These are some of the factors the jury could have relied upon in reaching its conclusions that Troy, Sr. had exercised ordinary care and prudence under the circumstances while Troy, Jr. had not. Even though another jury might have found otherwise, the jury chosen to try this case did not. The standard for changing a finding of fact by a jury is clear error and that standard has not been shown. Soileau v. South Central Bell Telephone Company, 406 So.2d 182 (La.1981).
The final issue concerns quantum, in particular, the general damages portion of the jury award. Here again much discretion is left to the jury in assessing damages and such discretion should not be disturbed on appellate review in the absence of abuse. Coco v. Winston Industries, Inc., 341 So.2d 332 (La.1976).
The jury awarded $25,000 in general damages. In view of plaintiff's injury, we conclude that the jury did not abuse its much discretion. The accident resulted in the immediate amputation of the distal joint of the long finger of the left hand and amputation of the ring finger down to the middle joint of the same hand. Plaintiff described the immediate pain as feeling like he had been burned with a blowtorch. He was taken to a nearby hospital, received several pain shots and was transferred to Alexandria where he was treated by Dr. P.M. Davis, Jr., a local orthopedic surgeon. Dr. Davis testified to the above by videotape deposition at trial.
Plaintiff testified that following the accident, he remained in almost constant pain for about three months in spite of the pain medications prescribed for him. After this three month period, he continued to suffer pain to a lesser degree and on an intermittent basis continuing through the date of trial.
Before the accident, plaintiff had no problems with or deformities of his left hand. Now he has problems with his hand that have forced him to limit his fishing activities which he enjoyed and have also affected his ability to do normal chores around the house as well as his ability to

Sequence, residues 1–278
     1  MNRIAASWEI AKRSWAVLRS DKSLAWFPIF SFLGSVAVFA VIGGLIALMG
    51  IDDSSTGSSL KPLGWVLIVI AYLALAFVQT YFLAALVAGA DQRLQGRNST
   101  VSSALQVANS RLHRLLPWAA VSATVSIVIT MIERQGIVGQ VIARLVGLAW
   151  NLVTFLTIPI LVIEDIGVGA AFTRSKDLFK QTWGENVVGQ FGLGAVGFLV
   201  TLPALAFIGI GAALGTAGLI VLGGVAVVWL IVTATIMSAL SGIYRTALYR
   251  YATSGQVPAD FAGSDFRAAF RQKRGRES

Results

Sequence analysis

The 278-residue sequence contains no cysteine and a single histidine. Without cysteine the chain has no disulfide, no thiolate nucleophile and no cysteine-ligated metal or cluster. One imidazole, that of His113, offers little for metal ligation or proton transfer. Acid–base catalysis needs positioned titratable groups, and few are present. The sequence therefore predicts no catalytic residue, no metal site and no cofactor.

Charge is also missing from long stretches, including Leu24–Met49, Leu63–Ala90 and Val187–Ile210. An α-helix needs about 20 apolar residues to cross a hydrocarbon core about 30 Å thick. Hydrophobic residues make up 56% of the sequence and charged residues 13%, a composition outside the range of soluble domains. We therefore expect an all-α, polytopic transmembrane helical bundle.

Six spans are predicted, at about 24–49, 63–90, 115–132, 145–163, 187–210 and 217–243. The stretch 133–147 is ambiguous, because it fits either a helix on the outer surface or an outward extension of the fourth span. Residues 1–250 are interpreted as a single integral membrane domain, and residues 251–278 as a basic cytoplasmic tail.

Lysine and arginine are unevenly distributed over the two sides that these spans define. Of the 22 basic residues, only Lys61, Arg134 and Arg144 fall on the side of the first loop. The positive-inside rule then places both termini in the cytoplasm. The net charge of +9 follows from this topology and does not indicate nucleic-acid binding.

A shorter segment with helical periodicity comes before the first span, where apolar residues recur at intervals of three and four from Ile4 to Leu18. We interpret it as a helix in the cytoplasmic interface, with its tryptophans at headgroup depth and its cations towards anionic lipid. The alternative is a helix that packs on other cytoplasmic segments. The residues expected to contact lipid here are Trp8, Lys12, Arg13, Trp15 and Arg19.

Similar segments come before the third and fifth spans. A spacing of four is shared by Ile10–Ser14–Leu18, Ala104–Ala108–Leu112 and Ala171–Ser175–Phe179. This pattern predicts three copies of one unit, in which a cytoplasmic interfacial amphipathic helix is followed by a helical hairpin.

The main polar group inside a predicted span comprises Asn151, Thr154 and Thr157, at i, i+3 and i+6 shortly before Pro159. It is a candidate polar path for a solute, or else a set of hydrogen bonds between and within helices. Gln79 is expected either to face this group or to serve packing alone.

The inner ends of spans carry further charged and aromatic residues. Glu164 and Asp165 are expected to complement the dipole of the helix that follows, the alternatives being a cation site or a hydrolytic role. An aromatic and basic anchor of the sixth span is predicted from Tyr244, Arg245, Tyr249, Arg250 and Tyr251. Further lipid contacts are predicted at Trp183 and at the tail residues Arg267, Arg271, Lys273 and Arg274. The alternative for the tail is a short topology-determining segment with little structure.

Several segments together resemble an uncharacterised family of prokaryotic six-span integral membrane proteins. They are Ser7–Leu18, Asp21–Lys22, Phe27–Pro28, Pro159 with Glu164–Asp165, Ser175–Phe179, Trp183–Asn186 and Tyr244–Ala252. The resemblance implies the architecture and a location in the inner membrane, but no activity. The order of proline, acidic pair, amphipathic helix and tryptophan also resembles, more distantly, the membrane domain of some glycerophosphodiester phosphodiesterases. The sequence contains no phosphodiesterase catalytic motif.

Accordingly, the jury verdict is affirmed in all respects. Appellants, Employers Fire Insurance Company and Trinity Universal Insurance Company, are cast for all costs of this appeal.
DOMENGEAUX, J., concurs and assigns reasons.
FORET, J., dissents with reasons.
DOMENGEAUX, Judge, concurring.
I believe that the jury was wrong in not finding negligence on the part of the plaintiff father, however, I cannot say that it was clearly wrong, and consequently I am bound by the rules of appellate review set out by our Supreme Court in numerous cases, including Canter v. Koehring Company and Arceneaux v. Domingue, both of which are so well known that citations are not necessary.
I reluctantly agree with the majority opinion and consequently concur therein.
FORET, Judge, dissenting.
I respectfully dissent from the decision arrived at by my learned brethren. Try as I may, I cannot strain a judgment for the plaintiff from the facts of this case. I find no negligence of plaintiff's son that was a cause-in-fact of the accident involved. As I see it, the sole negligence involved is that of the plaintiff himself. He permitted the happening of exactly what he was supposed to prevent from happening, i.e., preventing the bowline from becoming entangled in the trailer. As a hapless consequence, two of his fingers were amputated. It was his sole responsibility to keep the bowline from becoming tangled, and he failed in that responsibility. The least he could have done was to let go of the line when he saw that it was becoming entangled, and this he also failed to do.
Even assuming, arguendo, that plaintiff's son was negligent, at the very least, the plaintiff-father was contributorily negligent and should be barred from recovery.